From: Anna Banks
“Blessed is the womb that bore you, and the breasts at which you nursed!” yells a woman from the crowd. Jesus’ response? “Blessed rather are those who hear the word of God and keep it!”
Well, now. I’ve never seen those verses from Luke 11 framed on a wall.
I know Jesus is saying something important here (although it sounds harsh to my American, 21st century ears). Jesus is emphasizing that, ultimately, our family is formed not by blood, but through our spiritual re-birth and adoption into the family of God.
I also appreciate the irony of Jesus’ quick response. His mother, Mary, was in fact one who “heard the word of God and kept it.” Her response to becoming miraculously pregnant with a baby who was somehow God Himself? “Behold, I am the servant of the Lord; let it be to me according to your word” (Luke 1:38a). No wonder these words became a model for our right response to God’s direction in our lives!
Just a few verses later, however, the plot thickens. Mary’s cousin, Elizabeth, is filled with the Holy Spirit, and seemingly like the woman in Luke 11, cries out loudly, “Blessed are you among women, and blessed is the fruit of your womb!” And three verses on: “And blessed is she who believed that there would be a fulfillment of what was spoken to her from the Lord.” Mary herself then says, “For behold, from now on all generations will call me blessed…”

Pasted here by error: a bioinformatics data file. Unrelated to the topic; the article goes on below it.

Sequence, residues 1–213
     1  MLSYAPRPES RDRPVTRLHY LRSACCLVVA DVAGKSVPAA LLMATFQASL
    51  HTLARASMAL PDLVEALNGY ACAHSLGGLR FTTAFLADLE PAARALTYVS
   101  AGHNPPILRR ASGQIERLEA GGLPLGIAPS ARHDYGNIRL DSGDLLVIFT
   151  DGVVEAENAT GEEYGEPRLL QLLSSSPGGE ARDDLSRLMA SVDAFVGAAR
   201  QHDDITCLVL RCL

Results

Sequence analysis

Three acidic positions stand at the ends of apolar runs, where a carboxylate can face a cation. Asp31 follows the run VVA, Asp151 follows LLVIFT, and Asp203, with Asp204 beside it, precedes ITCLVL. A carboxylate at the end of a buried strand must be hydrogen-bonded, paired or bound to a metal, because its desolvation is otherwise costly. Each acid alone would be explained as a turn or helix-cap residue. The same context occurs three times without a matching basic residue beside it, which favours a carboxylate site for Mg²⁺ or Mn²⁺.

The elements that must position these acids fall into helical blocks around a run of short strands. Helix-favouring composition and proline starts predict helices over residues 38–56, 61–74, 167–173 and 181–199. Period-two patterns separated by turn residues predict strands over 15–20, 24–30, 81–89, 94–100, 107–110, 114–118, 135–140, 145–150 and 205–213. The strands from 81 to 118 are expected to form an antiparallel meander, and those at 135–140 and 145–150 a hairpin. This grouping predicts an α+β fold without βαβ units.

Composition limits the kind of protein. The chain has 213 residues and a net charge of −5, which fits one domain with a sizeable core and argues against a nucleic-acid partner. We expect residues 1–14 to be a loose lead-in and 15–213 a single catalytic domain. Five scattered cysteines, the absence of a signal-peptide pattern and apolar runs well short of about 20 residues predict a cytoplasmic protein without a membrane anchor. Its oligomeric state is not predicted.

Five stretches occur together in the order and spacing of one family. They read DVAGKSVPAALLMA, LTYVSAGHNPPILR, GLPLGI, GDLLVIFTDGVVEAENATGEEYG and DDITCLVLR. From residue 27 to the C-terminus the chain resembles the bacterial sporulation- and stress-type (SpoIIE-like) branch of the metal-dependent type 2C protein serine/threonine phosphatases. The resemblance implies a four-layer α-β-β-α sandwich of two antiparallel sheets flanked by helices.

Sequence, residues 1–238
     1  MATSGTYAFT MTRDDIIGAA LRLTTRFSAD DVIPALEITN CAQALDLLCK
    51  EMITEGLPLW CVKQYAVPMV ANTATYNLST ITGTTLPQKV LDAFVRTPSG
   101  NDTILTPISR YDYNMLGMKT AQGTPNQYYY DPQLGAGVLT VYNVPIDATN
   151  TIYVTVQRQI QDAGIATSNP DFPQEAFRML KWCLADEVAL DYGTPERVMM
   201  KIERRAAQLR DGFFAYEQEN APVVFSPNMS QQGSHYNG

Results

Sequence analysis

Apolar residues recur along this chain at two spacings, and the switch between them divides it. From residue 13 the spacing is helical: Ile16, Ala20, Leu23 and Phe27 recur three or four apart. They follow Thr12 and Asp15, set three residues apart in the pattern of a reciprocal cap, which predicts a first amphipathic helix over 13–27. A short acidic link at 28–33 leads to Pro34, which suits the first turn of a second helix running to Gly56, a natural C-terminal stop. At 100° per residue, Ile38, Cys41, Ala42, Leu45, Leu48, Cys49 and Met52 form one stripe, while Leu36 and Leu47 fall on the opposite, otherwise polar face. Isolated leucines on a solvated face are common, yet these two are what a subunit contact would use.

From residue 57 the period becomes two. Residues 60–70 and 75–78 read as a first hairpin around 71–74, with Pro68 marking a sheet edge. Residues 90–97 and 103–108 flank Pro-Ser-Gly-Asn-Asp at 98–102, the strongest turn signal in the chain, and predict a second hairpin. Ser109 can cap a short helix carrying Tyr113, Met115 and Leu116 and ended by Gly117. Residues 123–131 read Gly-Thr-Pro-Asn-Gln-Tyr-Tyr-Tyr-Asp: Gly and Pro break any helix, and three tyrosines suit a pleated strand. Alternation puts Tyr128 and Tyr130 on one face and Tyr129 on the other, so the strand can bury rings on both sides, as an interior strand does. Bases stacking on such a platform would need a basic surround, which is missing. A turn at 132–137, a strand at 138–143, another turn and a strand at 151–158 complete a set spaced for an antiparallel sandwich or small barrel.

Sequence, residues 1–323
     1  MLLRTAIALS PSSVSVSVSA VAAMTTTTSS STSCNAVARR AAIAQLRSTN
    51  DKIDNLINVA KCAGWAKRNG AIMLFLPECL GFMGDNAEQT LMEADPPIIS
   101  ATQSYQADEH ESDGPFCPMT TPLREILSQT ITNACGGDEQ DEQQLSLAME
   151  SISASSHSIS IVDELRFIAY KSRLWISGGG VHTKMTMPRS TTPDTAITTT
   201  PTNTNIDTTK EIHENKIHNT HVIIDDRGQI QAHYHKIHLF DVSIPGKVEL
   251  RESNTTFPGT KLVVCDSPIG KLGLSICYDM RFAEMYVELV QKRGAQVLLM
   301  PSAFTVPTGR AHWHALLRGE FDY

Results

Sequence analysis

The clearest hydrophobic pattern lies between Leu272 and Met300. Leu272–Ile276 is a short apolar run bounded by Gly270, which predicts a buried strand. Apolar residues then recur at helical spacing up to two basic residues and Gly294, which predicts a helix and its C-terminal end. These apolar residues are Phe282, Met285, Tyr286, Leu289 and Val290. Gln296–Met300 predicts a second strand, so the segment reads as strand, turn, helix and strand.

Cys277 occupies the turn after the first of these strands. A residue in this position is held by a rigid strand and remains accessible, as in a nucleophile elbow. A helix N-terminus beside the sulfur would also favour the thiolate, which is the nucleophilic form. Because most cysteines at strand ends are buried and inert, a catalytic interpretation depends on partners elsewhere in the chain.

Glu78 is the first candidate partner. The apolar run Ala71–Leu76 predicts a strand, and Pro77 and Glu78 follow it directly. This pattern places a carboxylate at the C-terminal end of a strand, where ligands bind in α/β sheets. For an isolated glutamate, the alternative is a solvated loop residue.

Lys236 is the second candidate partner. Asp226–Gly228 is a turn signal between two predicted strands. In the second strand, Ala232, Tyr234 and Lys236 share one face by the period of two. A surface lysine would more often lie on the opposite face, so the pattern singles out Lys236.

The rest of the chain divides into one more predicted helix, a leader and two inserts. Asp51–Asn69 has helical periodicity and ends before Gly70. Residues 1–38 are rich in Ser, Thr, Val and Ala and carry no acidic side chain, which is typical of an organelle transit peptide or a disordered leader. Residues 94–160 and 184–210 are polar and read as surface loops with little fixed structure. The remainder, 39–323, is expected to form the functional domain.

So what gives here? Wasn’t the Luke 11 woman simply echoing the words of blessing that spilled from the mouths of Elizabeth and Mary herself?
I had to look closer to notice that both Elizabeth and Mary connected Mary’s blessedness to the One who blessed her. “Blessed is the fruit of your womb…and blessed is she who believed,” Elizabeth says. Mary immediately follows her statement about all generations calling her blessed with these clarifying words: “For he who is mighty has done great things for me, and holy is his name” (Luke 1:49).
My conclusion: Mary was blessed by God, who yes, used her womb and breasts to bring salvation and redemption to all people, including to Mary herself.
And in case we’re left wondering, we can remember the dying Jesus looking down from where he hung on the cross, gazing upon his mother, whose body had once carried, nurtured, and sustained his own tiny body. Among Jesus’ final words before his death were those of concern that his mother would be cared for by the disciple he trusted most.
Jesus didn’t forget his mother.
I’m a newly-married puppy mom living in East Cambridge. I’m also an adoption social worker who is always up for a good chat about — you guessed it — the joys and challenges of adoption. Talk to me about it sometime!